Testing For Security


Ever since the IoT became a household name, people have been strategizing about ways to utilize non-secure devices to mount an attack. The first instances of using electricity to overload a device's circuits, thereby neutralizing existing security features, came to light in some of the earliest car hacking incidents. These are basically side-channel attacks using what amounts to an electroni... » read more

Quality Issues Widen


As the amount of semiconductor content in cars, medical and industrial applications increases, so does the concern about how long these devices will function properly—and what exactly that means. Quality is frequently a fuzzy concept. In mobile phones, problems have ranged from bad antenna placement, which resulted in batteries draining too quickly, to features that take too long to load. ... » read more

2.5D Adds Test Challenges


OSATs and ATE vendors are making progress in determining what works and what doesn't in 2.5D packaging, expanding their knowledge base as this evolves into a mainstream technology. A [getkc id="82" kc_name="2.5D"] package generally includes an ASIC connected to a stack of memory chips—usually high-bandwidth memory—using an [getkc id="204" kc_name="interposer"] or some type of silicon bri... » read more

What Next For OSATs


Semiconductor Engineering sat down to discuss IC-packaging and business trends with Tien Wu, chief operating officer at Taiwan’s Advanced Semiconductor Engineering ([getentity id="22930" comment="ASE"]), the world’s largest outsourced semiconductor assembly and test (OSAT) vendor. What follows are excerpts of that conversation. SE: What’s the outlook for the IC industry in 2017? Wu:... » read more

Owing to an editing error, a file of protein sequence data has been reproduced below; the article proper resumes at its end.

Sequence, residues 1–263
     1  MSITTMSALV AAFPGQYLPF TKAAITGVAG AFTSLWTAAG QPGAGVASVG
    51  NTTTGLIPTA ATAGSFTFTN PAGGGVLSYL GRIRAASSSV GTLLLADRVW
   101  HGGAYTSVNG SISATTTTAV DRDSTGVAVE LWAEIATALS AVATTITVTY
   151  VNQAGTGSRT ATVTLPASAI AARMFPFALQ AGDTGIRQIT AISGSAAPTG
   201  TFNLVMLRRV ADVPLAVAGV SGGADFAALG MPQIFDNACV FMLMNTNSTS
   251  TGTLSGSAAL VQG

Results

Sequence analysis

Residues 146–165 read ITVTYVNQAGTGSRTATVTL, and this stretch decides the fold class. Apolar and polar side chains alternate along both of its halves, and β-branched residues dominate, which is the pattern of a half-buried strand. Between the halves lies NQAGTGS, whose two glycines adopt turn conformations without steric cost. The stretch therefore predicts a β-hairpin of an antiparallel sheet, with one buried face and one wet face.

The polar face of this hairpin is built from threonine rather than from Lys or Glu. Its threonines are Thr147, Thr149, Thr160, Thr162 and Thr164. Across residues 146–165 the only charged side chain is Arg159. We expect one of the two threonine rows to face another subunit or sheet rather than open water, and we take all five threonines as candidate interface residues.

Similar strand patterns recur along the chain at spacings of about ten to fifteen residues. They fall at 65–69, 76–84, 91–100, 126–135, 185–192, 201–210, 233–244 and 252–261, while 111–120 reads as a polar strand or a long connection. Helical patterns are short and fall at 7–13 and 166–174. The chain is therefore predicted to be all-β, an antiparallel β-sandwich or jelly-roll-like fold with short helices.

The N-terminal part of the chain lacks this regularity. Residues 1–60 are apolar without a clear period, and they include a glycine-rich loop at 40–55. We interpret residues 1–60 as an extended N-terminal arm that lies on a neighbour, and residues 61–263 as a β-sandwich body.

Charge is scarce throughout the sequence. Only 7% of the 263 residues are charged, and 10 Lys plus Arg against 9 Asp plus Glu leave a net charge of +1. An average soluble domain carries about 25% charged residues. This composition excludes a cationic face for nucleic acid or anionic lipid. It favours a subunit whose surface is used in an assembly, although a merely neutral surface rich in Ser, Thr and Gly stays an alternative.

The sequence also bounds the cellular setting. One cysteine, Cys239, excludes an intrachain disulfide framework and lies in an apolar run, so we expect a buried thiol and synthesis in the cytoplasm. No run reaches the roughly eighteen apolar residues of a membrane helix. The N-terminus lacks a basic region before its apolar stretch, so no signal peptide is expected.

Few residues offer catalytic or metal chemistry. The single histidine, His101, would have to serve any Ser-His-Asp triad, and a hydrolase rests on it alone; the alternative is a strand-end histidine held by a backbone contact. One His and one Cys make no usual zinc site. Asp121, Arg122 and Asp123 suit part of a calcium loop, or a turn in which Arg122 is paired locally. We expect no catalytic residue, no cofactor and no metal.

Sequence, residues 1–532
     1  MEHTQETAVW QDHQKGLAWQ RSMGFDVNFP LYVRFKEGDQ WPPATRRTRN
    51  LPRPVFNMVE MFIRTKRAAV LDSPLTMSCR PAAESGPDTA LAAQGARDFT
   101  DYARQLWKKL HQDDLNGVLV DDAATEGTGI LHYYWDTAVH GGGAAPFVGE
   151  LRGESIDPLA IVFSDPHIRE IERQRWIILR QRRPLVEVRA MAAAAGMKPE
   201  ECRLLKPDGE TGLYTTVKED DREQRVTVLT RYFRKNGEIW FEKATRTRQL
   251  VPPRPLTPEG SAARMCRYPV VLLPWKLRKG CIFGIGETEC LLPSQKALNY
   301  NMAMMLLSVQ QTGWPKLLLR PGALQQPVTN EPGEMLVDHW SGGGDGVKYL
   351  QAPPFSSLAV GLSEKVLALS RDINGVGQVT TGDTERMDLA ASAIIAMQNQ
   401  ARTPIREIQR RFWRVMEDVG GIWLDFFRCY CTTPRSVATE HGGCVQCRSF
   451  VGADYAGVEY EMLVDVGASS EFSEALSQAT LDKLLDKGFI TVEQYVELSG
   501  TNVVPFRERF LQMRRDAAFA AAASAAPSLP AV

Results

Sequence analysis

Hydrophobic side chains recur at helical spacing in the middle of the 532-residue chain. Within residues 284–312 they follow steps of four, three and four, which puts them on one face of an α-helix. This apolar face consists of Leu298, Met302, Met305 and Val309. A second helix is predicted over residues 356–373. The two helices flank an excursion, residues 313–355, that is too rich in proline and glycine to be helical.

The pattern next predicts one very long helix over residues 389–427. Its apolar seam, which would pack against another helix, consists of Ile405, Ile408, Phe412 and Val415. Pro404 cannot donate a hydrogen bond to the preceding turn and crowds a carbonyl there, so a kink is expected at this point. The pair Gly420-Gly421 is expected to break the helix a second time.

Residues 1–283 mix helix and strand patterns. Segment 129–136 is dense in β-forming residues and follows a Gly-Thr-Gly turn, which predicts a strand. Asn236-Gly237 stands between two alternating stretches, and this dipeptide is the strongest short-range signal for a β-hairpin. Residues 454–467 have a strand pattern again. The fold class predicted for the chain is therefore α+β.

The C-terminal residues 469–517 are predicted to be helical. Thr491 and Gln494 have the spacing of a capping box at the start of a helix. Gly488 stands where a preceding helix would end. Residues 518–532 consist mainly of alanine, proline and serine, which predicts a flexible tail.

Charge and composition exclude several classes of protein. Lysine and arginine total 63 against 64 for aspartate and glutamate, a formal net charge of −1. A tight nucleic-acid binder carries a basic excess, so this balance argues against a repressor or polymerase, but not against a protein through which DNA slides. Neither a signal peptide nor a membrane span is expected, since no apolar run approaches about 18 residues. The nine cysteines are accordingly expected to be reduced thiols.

The Path To (Virtually) Zero Defective Parts Per Million


Despite thorough wafer and package testing, a small number of defective ICs can make their way into systems. These test "escapes" often return as field failures, increasing costs and eroding profit margins. They can also present a hazard if deployed in safety-critical systems, which is why companies purchasing semiconductors for automotive, medical, or aerospace applications often demand a zero... » read more

Test More Complex For Cars, IoT


With increasing focus on safety-critical semiconductors—driven by ADAS, IoT, and security—functional safety concerns are going through the roof. Engineering teams are scrambling to determine how to conduct better in-field or online testing because test no longer can be an afterthought. This has been a common theme across the automotive ecosystem for the past few years, and as the automot... » read more

Devices Threatened By Analog Content?


As the amount of analog content in connected devices explodes, ensuring that the analog portion works properly has taken on a new level of urgency. Analog circuitry is required for interpreting the physical world and for moving data to other parts of the system, while digital circuitry is the fastest way to process it. So a sensor that gives a faulty reading in a car moving at high speed or ... » read more

Addressing Test Time Challenges


Unit test time on automated test equipment (ATE) is one of the major components that affects the total cost of manufacturing for semiconductor suppliers. The test programs for each unit can be comprised of thousands of parametric and functional tests that are performed to screen out defective units or dies. However, tester time is expensive, so suppliers are always looking for ways to reduce th... » read more

ATO 2017: Driven by Necessity


In the aerospace and defense industry, reducing release cycles and preventing program delays have become increasingly difficult. In automotive, consumer demands are driving up test complexity and introducing new costs in areas like infotainment. In response, test managers must find affordable ways to incorporate RF testing for wireless signals and machine vision testing for assisted parking to ... » read more

Logic Analyzers Never Die


Logic analyzers, long a mainstay of chip design, are finding new demand for IoT devices—and frequently in different forms than in the past. Once associated with big, bulky benchtop instruments, this technology has evolved significantly over the past 40 years. In some cases it has been moved into software, where the measurement results are more likely to be viewed upon a laptop screen or a ... » read more

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